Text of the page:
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Buehler Micromet II Microhardness TesterVickers Microindentation Hardness Testing

The Laboratory can perform Vickers microindentation hardness or microhardness tests using its Buehler Micromet II hardness testing machine. Any of the following test loads can be selected: 10, 25, 50, 100, 200, 500 and 1,000 gf.

Microhardness testing is typically used to evaluate the success of surface hardening treatments to evaluate carburised, nitrided, carbonitrided, cyanided, flame hardened or induction hardened cases as well as detect and assess decarburisation. It can also test the hardness of individual phases in a microstructure, provided the phase is sufficiently large to accommodate the indent and this can help identify a metallurgical phase too. Microhardness testing is also useful to determine the hardness of specimens too small for traditional bulk indentation testing.

Assessment of Case Hardening of Steel by microindentation testingThere are optimum case hardness and case depth requirements for each component and application combination. Deviating from these optimum hardness requirements often lead to premature failure. Carburised gear teeth have maximum wear and bending fatigue resistance because they have hard surfaces and carburising induces beneficial compressive residual stresses in the case.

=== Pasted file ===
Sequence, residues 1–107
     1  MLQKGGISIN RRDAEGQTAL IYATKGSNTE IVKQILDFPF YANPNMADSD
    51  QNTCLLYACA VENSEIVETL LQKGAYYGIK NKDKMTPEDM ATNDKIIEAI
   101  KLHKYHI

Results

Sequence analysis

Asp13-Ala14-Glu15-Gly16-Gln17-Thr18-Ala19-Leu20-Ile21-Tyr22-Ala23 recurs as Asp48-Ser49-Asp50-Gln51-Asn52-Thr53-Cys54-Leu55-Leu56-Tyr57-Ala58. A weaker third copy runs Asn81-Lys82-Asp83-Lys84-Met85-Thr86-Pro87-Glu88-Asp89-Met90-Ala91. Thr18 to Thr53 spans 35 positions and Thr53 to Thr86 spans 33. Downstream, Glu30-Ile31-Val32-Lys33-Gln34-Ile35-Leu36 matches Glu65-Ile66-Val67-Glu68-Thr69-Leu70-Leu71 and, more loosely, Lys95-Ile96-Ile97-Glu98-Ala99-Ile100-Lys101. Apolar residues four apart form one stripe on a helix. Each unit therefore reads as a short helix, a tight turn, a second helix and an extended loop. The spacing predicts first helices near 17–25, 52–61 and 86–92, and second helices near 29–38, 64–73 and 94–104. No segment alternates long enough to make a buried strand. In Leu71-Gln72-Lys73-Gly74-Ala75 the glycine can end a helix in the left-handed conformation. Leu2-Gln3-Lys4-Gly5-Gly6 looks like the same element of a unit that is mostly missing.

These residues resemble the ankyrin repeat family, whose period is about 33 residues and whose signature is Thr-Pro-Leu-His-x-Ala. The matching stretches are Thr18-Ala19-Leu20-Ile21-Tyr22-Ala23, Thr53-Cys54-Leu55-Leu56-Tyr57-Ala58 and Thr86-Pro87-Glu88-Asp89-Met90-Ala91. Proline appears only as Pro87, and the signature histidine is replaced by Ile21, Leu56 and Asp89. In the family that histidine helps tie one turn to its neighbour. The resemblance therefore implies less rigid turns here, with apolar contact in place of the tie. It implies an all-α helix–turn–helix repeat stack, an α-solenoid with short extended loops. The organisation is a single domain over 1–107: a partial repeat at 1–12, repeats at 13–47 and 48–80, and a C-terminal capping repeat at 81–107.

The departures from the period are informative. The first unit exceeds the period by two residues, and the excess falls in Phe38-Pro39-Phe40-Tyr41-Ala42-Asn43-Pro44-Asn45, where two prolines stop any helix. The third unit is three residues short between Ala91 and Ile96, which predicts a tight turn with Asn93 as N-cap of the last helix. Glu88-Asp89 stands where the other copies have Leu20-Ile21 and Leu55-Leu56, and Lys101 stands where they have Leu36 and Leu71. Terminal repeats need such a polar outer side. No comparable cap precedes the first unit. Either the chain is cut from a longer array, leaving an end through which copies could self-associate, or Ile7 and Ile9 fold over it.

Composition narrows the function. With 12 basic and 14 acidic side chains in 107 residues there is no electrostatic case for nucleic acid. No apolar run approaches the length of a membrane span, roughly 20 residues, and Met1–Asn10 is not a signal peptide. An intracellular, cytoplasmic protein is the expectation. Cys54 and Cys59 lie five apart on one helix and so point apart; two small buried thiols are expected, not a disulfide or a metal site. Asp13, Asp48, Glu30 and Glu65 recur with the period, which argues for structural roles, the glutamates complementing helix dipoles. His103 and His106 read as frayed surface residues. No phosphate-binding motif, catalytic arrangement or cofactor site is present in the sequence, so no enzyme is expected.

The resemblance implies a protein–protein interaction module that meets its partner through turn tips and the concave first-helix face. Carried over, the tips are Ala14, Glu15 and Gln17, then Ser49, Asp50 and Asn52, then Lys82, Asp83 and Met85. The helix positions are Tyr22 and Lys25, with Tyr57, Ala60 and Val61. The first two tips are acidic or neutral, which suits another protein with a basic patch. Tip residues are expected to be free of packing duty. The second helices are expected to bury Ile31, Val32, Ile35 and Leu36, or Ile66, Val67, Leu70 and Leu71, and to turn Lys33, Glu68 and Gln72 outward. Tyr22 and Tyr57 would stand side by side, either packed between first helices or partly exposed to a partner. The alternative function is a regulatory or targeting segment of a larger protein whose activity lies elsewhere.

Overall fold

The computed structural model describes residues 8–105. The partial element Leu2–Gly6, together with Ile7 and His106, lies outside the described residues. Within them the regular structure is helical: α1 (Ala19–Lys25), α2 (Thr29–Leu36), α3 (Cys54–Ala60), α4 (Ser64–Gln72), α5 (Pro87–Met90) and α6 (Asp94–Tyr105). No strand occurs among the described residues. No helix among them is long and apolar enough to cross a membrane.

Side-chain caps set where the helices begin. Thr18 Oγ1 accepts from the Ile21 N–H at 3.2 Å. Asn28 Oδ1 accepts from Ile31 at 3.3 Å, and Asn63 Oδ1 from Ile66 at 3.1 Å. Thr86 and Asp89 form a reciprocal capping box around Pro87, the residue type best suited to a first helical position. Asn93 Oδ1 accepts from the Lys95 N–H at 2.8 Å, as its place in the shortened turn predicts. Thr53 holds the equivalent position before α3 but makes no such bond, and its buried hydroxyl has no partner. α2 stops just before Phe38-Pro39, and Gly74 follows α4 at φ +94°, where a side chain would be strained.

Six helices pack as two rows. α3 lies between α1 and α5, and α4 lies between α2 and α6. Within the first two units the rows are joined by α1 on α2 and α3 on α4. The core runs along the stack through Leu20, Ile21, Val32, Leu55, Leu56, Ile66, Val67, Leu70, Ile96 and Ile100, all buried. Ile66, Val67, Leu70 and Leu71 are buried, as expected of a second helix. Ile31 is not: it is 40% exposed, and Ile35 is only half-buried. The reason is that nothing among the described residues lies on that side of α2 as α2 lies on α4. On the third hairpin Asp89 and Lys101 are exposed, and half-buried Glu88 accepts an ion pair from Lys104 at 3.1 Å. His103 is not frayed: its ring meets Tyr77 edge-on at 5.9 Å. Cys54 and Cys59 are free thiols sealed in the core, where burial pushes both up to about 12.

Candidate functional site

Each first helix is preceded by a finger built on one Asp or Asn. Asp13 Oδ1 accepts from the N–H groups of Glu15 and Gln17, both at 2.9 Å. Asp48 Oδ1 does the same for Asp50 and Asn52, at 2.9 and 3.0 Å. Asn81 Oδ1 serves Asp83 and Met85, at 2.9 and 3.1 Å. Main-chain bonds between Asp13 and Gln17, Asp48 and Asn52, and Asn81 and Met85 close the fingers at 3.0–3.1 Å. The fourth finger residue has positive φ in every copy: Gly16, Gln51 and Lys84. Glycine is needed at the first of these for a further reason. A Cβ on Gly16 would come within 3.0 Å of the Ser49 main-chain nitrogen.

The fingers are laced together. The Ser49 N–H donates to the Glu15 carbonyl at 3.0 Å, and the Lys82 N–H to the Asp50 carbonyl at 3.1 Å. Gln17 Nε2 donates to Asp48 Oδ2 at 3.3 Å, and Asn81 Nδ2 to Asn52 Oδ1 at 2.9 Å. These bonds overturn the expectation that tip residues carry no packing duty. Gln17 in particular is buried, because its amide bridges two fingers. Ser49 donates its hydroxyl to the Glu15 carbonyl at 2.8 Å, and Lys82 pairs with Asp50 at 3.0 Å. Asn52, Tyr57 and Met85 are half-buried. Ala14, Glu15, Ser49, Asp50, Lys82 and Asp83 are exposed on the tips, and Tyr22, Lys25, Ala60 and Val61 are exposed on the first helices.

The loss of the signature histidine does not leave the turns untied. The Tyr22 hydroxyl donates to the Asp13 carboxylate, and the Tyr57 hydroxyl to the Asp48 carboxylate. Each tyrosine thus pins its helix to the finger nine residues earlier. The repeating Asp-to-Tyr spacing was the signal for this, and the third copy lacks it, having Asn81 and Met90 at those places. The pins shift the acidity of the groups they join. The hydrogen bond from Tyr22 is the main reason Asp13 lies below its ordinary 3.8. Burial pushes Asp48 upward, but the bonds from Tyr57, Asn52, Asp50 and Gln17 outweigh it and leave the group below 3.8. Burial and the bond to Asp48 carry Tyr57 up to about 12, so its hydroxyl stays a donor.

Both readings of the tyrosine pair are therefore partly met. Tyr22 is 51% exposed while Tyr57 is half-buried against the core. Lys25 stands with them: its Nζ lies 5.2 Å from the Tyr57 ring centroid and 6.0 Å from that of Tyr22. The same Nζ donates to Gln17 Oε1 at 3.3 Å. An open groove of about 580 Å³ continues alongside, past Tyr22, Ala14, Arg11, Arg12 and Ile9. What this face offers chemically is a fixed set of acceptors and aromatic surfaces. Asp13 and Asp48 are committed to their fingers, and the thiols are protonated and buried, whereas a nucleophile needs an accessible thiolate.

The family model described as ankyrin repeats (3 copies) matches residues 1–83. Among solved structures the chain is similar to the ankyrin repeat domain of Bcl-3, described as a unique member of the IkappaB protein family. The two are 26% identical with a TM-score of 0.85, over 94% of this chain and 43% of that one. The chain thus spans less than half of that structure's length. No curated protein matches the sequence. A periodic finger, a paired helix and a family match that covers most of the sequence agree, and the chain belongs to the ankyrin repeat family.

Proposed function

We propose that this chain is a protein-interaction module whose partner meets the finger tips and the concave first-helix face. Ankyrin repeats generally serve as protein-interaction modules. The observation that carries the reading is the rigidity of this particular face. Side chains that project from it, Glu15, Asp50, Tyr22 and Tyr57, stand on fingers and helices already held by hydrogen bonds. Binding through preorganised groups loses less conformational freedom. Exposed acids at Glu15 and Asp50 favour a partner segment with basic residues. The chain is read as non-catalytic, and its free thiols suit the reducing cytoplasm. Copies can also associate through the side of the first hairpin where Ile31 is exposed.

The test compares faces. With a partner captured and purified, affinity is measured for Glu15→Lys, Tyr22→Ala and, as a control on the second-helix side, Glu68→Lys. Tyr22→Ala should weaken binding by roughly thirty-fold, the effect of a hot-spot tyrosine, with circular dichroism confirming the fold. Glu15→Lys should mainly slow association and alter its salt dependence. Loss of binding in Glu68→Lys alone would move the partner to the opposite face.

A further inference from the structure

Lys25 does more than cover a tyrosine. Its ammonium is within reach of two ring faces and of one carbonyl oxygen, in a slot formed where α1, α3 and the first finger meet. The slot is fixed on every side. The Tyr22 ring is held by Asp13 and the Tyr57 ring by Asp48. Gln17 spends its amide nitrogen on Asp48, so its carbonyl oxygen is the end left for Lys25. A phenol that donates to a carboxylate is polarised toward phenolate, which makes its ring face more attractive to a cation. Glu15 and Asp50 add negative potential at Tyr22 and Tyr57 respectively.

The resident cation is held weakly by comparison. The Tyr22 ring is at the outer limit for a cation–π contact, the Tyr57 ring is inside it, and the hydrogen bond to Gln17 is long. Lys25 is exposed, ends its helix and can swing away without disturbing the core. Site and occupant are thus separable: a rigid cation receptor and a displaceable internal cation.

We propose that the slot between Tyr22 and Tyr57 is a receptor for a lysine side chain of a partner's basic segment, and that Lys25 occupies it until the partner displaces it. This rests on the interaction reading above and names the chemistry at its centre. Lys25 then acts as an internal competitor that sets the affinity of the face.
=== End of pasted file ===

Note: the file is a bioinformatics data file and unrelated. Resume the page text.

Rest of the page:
Even a slight level of decarburisation can be the cause of failure in some components. In high strength bolts used in cyclic loading decarburisation, typically caused during heat treatment, can facilitate the initiation of fatigue cracking leading.

Surface Microhardness profile against cross-sectional depthThe illustrated steel photomicrograph and hardness profile show how the depth of a carburised case can be determined from the surface by performing a number of hardness measurements perpendicular to the component surface. According to BS EN ISO 3639 the case hardened depth or CHD is defined as the depth where the hardness is equal to 550 HV.

The following two photomicrographs show for brass and steel of how the Vickers hardness of individual phases within polished metallurgical microstructures can be tested using microindentations to confirm the phase identity supplementing the metallographic identification.

  • Alpha and Beta phases are shown in a 2-phase brass.
  • Ferrite and Austenite phases are shown in a duplex stainless steel.

Alpha Beta Brass and Ferrite Austenite in Duplex Stainless Steel by Microshrdness

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